Huawei’s UK R&D facility gets the green light from planning committee

Huawei’s UK R&D facility gets the green light from planning committee

Huawei’s proposed R&D center in Cambridge, England.

Huawei

A new Huawei research and development center has been approved by a local council in the U.K., despite the nation’s ongoing security concerns around the Chinese company. 

South Cambridgeshire District Council approved the first phase of construction of Huawei’s planned R&D center, which the company intends to use to build state-of-the-art chips. Huawei said it will invest £1 billion in the first phase of the development. 

The investment in the 50,000 square foot facility comes as Britain weighs up whether or not Huawei’s telecoms equipment should be used in the nation’s networks.

Last month, the U.K.’s National Cyber Security Center launched an emergency review into the matter. The review was announced just days after the U.S. introduced new export controls on Huawei designed to restrict the company’s access to chips made with U.S. equipment.  

The matter was escalated further this week when the Trump administration claimed that 20 leading Chinese firms, including Huawei, are owned or controlled by the Chinese military. The list paves the way for new U.S. financial sanctions against the firms.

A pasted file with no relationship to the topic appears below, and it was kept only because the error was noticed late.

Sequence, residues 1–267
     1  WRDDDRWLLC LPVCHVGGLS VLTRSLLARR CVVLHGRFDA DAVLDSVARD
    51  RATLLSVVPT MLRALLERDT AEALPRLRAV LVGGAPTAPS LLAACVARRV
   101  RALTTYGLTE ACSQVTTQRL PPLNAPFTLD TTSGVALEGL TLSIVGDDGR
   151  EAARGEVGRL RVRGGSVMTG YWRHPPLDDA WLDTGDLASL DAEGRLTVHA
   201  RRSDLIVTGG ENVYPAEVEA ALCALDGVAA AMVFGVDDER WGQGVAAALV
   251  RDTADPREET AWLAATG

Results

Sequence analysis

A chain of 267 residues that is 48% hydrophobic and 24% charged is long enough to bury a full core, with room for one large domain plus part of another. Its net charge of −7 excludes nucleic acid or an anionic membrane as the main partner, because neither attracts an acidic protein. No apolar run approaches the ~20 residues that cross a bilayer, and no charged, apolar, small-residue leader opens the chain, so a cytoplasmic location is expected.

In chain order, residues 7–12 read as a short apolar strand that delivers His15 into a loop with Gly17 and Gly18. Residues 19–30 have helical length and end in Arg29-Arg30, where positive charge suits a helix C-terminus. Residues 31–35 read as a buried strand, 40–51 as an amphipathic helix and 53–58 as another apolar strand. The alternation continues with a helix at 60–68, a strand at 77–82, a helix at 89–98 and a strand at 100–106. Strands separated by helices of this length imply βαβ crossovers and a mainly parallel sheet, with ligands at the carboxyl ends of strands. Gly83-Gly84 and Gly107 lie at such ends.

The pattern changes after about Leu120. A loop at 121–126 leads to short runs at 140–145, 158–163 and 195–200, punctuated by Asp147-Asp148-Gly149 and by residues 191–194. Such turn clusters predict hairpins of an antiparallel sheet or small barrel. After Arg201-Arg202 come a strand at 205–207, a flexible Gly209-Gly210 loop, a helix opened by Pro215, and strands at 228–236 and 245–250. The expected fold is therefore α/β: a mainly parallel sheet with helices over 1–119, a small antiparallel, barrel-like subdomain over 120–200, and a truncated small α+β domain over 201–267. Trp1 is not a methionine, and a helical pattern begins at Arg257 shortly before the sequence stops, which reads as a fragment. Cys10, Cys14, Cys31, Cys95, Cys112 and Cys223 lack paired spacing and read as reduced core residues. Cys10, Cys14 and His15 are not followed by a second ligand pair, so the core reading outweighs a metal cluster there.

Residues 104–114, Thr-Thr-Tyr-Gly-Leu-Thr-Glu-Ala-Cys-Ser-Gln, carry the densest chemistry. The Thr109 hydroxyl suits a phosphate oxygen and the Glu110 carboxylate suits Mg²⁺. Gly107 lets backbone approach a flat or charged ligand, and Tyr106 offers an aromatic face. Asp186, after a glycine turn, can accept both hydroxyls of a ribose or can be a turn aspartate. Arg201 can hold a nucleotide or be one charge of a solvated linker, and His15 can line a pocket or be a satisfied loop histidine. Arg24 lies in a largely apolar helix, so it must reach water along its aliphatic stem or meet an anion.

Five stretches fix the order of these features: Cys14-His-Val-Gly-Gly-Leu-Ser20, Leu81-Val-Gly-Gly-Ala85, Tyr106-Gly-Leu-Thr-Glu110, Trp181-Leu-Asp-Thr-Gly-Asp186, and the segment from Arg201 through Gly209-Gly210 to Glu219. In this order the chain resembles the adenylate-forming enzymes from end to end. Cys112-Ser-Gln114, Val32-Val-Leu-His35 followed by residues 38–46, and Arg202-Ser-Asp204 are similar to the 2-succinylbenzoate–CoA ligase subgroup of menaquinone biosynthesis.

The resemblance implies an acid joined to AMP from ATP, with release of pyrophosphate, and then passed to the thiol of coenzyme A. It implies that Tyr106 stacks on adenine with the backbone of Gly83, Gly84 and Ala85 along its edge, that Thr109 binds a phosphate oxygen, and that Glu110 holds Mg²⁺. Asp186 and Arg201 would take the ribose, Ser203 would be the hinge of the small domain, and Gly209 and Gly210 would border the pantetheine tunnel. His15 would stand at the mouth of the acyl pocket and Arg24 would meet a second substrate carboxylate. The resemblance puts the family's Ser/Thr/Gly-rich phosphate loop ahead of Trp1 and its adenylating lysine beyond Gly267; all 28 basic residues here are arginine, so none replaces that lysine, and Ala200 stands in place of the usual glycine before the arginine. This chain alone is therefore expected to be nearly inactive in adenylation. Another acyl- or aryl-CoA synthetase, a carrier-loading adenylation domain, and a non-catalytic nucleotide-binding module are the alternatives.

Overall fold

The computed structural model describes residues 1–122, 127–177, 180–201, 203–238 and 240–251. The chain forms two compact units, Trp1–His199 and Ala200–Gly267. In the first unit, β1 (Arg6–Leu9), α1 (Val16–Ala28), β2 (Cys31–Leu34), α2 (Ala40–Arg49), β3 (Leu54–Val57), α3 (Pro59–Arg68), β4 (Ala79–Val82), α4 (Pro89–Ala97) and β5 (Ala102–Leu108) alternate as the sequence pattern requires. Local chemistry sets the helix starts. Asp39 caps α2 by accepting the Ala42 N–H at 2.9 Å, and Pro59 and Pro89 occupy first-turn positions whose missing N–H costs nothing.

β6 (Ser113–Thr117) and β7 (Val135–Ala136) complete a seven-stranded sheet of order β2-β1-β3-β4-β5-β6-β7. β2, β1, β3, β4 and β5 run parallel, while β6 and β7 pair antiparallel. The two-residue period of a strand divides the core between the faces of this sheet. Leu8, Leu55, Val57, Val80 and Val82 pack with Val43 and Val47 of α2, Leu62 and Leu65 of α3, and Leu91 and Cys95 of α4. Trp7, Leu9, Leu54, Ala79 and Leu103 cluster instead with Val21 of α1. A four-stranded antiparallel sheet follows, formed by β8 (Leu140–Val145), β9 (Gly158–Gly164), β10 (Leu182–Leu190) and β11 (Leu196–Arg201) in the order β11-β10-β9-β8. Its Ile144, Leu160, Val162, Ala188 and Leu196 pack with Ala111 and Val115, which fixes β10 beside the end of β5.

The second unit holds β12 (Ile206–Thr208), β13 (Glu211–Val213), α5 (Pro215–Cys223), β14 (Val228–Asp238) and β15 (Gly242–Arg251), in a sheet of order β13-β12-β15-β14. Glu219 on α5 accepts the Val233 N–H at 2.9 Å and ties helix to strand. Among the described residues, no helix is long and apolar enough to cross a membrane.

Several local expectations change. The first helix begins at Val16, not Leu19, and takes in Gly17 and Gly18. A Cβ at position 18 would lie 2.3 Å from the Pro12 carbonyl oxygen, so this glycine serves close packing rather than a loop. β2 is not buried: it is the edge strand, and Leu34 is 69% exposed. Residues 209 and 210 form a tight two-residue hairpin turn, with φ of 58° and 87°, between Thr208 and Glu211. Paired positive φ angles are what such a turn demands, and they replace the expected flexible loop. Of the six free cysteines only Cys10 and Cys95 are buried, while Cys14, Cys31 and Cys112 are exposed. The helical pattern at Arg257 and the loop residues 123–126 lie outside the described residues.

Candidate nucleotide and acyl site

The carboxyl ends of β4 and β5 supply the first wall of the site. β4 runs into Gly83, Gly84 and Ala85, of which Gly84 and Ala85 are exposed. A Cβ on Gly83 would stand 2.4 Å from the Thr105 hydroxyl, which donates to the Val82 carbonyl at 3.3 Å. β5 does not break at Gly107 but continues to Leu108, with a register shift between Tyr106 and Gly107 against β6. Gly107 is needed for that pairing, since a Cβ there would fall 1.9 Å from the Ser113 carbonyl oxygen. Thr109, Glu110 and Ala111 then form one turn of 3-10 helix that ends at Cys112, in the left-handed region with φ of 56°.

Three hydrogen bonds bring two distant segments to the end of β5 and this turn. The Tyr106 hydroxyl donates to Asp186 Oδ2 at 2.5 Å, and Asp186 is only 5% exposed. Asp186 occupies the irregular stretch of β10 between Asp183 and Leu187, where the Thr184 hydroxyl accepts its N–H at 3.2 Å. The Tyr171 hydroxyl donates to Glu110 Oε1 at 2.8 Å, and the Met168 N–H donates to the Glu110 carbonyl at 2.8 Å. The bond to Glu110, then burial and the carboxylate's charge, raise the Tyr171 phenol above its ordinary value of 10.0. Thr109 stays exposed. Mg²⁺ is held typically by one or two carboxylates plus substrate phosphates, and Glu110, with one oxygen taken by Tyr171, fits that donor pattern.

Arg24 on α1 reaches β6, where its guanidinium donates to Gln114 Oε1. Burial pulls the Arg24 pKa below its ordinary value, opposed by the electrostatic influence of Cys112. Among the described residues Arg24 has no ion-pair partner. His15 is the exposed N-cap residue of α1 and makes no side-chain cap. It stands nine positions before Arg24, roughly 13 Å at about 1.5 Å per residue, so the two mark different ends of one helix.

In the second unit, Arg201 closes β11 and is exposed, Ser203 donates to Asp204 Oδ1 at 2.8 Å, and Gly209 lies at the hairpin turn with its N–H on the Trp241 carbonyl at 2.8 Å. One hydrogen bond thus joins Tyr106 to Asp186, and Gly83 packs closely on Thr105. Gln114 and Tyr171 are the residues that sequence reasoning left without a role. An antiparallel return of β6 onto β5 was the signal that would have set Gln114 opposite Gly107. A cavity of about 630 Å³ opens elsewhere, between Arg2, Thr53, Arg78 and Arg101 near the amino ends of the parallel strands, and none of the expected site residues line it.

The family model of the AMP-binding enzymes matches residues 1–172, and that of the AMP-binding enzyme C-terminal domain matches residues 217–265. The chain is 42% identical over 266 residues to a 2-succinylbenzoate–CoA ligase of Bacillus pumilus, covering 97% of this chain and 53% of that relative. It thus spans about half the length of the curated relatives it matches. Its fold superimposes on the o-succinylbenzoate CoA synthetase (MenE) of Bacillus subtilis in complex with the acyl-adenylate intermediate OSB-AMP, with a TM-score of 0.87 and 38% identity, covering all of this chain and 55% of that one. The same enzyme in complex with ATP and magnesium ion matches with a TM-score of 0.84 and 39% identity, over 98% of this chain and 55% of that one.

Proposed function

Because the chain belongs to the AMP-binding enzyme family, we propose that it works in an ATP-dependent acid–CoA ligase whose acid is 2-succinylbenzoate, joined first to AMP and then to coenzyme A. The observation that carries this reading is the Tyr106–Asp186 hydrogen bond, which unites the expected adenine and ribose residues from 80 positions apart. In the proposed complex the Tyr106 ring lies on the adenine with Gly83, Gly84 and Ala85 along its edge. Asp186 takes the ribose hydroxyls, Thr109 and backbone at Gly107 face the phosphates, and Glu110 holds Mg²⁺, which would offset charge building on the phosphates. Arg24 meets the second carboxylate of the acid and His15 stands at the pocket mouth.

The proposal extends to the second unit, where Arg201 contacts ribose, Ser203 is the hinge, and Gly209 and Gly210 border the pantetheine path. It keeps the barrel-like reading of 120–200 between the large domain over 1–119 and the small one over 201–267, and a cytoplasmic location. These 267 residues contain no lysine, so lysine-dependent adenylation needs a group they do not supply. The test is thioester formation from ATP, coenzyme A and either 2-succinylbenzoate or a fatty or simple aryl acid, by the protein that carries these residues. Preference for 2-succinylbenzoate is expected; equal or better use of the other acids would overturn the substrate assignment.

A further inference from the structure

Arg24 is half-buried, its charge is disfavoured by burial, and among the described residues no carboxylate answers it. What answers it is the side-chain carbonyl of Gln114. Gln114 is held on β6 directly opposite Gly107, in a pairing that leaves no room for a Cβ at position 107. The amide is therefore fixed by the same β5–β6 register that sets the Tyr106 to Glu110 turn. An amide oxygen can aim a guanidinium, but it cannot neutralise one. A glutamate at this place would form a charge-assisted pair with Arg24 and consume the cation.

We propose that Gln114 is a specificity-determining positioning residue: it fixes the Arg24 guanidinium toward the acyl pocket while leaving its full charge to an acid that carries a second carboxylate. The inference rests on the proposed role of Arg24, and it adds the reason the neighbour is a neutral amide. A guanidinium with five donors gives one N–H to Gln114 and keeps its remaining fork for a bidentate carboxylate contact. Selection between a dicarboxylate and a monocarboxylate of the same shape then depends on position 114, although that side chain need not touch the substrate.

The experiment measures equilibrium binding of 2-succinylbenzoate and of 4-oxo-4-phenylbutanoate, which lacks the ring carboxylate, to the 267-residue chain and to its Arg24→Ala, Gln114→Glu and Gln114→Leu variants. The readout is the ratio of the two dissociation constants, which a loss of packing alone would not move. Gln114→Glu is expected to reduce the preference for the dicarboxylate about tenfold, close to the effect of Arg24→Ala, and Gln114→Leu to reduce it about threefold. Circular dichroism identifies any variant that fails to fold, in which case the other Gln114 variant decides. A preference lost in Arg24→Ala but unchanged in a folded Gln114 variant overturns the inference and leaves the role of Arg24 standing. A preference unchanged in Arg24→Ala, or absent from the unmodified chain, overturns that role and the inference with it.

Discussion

Earlier this month, former Google CEO Eric Schmidt told the BBC that there’s “no question Huawei has engaged in some practices that are not acceptable in national security.”

The firm has repeatedly denied accusations that it passes data to Beijing and insists it’s independent from government.

‘Silicon Fen’

Huawei hopes to employ 300 to 400 people at the 500-acre site, which is located in Sawston, seven miles from Cambridge city center.

Once fully operational, it will become the international headquarters of Huawei’s optoelectronics business. Optoelectronics is a technology used in the fiber optic communication systems found in data centers and network infrastructure. 

The R&D center was approved despite concerns being raised about cycle lanes, water consumption, damage to the environment, and employees not being located near the site. Nine councilors voted for the development, and one voted against. 

Nicknamed “Silicon Fen,” Cambridge is one of the U.K.’s leading technology hubs, with companies like Amazon, Microsoft, and ARM all found in the area. 

“The U.K. is home to a vibrant and open market, as well as some of the best talent the world has to offer,” said Victor Zhang, the vice president of Huawei, in a press release.

“It’s the perfect location for this integrated innovation campus. Through close collaboration with research institutes, universities, and local industry, we want to advance optical communications technology for the industry as a whole, while doing our part to support the U.K.’s broader Industrial Strategy. Ultimately, we want to help enshrine the U.K.’s leading position in optoelectronics and promote U.K. tech on a global scale.”

Huawei’s U.K. workforce has grown to 1,600 people since it started operating in the country some 20 years ago. 

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